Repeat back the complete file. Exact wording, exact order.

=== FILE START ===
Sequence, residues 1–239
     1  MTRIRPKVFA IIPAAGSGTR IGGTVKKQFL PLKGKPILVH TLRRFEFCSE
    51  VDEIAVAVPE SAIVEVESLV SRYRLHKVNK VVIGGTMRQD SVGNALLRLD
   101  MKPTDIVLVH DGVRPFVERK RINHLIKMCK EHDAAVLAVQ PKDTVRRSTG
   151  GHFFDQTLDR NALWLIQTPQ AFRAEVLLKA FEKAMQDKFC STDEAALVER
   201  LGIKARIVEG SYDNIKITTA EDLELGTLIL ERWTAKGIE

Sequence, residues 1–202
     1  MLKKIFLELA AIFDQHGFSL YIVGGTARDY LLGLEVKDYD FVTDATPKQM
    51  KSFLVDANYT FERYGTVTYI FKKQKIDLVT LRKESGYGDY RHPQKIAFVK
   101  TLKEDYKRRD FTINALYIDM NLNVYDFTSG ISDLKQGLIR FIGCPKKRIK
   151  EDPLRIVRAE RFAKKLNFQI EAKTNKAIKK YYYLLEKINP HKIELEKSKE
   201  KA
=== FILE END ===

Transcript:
Sequence, residues 1–239
     1  MTRIRPKVFA IIPAAGSGTR IGGTVKKQFL PLKGKPILVH TLRRFEFCSE
    51  VDEIAVAVPE SAIVEVESLV SRYRLHKVNK VVIGGTMRQD SVGNALLRLD
   101  MKPTDIVLVH DGVRPFVERK RINHLIKMCK EHDAAVLAVQ PKDTVRRSTG
   151  GHFFDQTLDR NALWLIQTPQ AFRAEVLLKA FEKAMQDKFC STDEAALVER
   201  LGIKARIVEG SYDNIKITTA EDLELGTLIL ERWTAKGIE

Sequence, residues 1–202
     1  MLKKIFLELA AIFDQHGFSL YIVGGTARDY LLGLEVKDYD FVTDATPKQM
    51  KSFLVDANYT FERYGTVTYI FKKQKIDLVT LRKESGYGDY RHPQKIAFVK
   101  TLKEDYKRRD FTINALYIDM NLNVYDFTSG ISDLKQGLIR FIGCPKKRIK
   151  EDPLRIVRAE RFAKKLNFQI EAKTNKAIKK YYYLLEKINP HKIELEKSKE
   201  KA